Is Detroit still decaying?

Detroit, once known as the automobile capital of the world, has experienced dramatic ups and downs over the past several decades. The city fell on hard times starting in the 1950s and 60s as the auto industry began to decline and middle class residents moved to the suburbs. Decades of population loss, job losses, and disinvestment left parts of Detroit dilapidated, with tens of thousands of abandoned homes and buildings.

In the 21st century, Detroit has been trying to engineer an economic and cultural revival. Development efforts in the city’s downtown and midtown areas have improved infrastructure, brought new businesses, and attracted young professionals. However, large swaths of Detroit remain blighted and underdeveloped.

Is Detroit’s population still declining?

Yes, Detroit’s population is still declining overall, though at a slower pace than in previous decades.

  • Detroit population peak: 1.85 million in 1950
  • Detroit population in 2000: 951,000
  • Detroit population in 2010: 713,000
  • Detroit population in 2020: 639,000

So the city has lost over 1 million residents since its peak population in the 1950s. However, the rate of population decline has slowed in the 2010s compared to the 1990s and 2000s.

What is the current unemployment rate in Detroit?

As of October 2022, the latest month for which data is available, the unemployment rate in Detroit was 5.0%. This is down from a peak of 24.9% in July 2020 during the COVID-19 pandemic.

Year Unemployment Rate in Detroit
October 2019 8.6%
October 2020 13.2%
October 2021 8.0%
October 2022 5.0%

So unemployment in Detroit has fallen significantly from its peak during the pandemic, and is now lower than pre-pandemic levels. This indicates improving economic conditions in the city.

What major companies are currently headquartered in Detroit?

Some major companies still headquartered in Detroit include:

  • General Motors
  • Ford Motor Company
  • Stellantis (Chrysler)
  • Rocket Companies (Quicken Loans)
  • DTE Energy
  • Ally Financial
  • Shinola
  • Penske Corporation

So while Detroit is no longer as dominant in the auto industry as it once was, major automakers and financial companies still have headquarters in the Detroit metro area. Several other growing companies also call Detroit home.

How much investment and development is occurring in downtown Detroit?

Over $5 billion was invested in downtown Detroit between 2013 and 2018, through a mix of private investment, public funding, and philanthropic grants. Some major downtown developments in recent years include:

  • Little Caesars Arena – $862 million sports and entertainment complex
  • Hudson’s Site Redevelopment – $1.4 billion project with office, residential, event, and retail space
  • Monroe Blocks Redevelopment – $830 million mixed-use development
  • Renovation of Book Tower skyscraper – $300+ million project
  • Expansion of Detroit Medical Center – $1+ billion of new facilities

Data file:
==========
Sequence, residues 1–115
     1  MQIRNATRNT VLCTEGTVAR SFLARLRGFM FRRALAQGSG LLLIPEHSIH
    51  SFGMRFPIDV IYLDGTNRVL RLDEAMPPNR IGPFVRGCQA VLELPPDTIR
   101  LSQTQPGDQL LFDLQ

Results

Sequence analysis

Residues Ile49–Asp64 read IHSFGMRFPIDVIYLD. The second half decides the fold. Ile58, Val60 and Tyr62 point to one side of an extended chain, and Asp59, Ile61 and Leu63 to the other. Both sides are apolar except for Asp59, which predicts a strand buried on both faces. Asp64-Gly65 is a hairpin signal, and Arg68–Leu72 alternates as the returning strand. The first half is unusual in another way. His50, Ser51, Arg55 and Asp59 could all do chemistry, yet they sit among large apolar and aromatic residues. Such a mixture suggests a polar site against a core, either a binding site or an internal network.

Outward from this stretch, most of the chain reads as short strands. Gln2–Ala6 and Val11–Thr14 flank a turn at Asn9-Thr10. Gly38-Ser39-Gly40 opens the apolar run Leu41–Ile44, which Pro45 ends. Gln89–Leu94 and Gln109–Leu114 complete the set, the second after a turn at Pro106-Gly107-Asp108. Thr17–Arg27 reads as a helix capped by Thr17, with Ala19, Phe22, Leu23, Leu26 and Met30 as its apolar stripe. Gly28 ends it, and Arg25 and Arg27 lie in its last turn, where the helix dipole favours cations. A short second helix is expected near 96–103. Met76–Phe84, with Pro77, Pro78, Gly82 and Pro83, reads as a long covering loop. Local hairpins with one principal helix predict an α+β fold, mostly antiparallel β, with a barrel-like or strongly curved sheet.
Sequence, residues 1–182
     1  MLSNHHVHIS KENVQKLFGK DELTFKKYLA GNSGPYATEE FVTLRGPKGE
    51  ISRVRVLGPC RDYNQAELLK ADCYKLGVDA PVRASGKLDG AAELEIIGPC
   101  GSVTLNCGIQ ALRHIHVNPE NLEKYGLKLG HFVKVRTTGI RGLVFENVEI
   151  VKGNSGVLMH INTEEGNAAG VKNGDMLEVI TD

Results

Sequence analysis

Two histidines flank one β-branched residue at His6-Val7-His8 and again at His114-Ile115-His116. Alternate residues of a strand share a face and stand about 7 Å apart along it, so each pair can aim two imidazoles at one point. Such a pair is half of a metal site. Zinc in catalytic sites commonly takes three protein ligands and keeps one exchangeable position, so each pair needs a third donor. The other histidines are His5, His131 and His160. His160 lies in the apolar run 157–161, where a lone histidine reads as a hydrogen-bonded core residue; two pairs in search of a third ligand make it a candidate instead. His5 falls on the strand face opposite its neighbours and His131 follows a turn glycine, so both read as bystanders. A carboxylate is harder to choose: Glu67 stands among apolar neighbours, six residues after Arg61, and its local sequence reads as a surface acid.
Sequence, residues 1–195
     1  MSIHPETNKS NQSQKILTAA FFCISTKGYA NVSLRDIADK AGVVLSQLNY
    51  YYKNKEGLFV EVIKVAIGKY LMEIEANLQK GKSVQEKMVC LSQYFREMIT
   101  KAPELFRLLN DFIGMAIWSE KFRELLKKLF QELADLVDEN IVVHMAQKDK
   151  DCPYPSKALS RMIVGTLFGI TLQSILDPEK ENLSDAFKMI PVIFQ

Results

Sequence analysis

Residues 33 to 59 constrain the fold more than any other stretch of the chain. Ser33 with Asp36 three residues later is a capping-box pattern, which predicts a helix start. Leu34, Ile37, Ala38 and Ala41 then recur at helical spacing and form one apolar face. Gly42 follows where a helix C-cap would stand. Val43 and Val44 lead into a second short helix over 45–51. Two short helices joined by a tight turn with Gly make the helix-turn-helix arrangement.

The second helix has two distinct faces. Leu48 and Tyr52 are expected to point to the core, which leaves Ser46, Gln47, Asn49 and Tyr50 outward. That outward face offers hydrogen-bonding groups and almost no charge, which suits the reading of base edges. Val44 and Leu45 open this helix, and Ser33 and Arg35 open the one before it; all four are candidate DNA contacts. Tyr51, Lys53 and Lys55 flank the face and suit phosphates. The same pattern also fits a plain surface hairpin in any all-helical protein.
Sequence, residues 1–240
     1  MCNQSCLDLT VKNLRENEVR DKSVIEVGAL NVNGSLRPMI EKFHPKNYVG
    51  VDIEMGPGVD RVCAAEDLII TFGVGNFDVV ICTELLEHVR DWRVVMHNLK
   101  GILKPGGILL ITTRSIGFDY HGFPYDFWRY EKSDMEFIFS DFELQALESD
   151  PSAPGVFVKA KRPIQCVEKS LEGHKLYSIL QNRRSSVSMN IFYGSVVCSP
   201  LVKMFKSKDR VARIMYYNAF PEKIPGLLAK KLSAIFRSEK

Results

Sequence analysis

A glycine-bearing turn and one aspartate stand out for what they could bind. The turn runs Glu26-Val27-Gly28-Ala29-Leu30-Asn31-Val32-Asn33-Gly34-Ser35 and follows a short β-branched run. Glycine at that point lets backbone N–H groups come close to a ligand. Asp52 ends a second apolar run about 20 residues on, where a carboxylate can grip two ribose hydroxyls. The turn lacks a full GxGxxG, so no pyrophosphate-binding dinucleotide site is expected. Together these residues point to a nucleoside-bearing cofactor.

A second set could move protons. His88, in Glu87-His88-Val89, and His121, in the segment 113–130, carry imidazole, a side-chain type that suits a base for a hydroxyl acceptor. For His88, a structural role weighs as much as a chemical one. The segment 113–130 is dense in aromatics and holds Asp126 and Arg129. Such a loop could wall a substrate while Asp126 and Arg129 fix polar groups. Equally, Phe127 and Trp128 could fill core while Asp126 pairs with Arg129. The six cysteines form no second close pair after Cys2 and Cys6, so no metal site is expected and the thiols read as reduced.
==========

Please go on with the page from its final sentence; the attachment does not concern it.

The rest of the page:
In addition, areas like Corktown, Midtown, Lafayette Park, Rivertown, Woodbridge, and Eastern Market have also seen resurgence with new restaurants, shops, offices, and homes catering to young professionals.

So downtown and adjoining neighborhoods are seeing the most investment, but greater downtown Detroit is still home to extensive vacant land and empty structures.

What percentage of Detroit land is considered vacant or abandoned?

A survey conducted by Detroit in 2017 found that over 22 percent of the city’s land was considered vacant or abandoned. That represents nearly 24 square miles within the city limits.

The vacant land is concentrated in less populated neighborhoods farther from downtown. It largely consists of vacant lots where houses have been demolished, as well as vacant buildings.

Addressing the vacant land issue remains an ongoing challenge. Initiatives like urban farms and neighborhood land banks have worked to activate some vacant properties and lots.

What is the current official unemployment rate for Detroit?

According to the U.S. Bureau of Labor Statistics, the unemployment rate in Detroit as of October 2022 was 5.0%. This represents a significant decline from peak pandemic unemployment of 24.9% in July 2020.

The current 5.0% unemployment rate indicates improving economic conditions in Detroit, as this is lower than pre-pandemic levels of around 8-9% unemployment.

How does Detroit’s unemployment rate compare to the national average?

Detroit’s current unemployment rate of 5.0% is slightly higher than the national unemployment rate across the United States. As of October 2022, the U.S. unemployment rate stood at 3.7%.

So while Detroit’s job market has been improving in recent years, unemployment locally remains slightly elevated compared to broader U.S. figures. However, the gap between Detroit and national unemployment has narrowed significantly over the past decade.

What major companies have headquarters in Detroit?

Some of the major companies still headquartered in the Detroit metropolitan area include:

  • General Motors
  • Ford Motor Company
  • Stellantis (Chrysler)
  • Rocket Companies (Quicken Loans)
  • DTE Energy
  • Ally Financial
  • Shinola
  • Penske Corporation
  • Blue Cross Blue Shield of Michigan
  • Compuware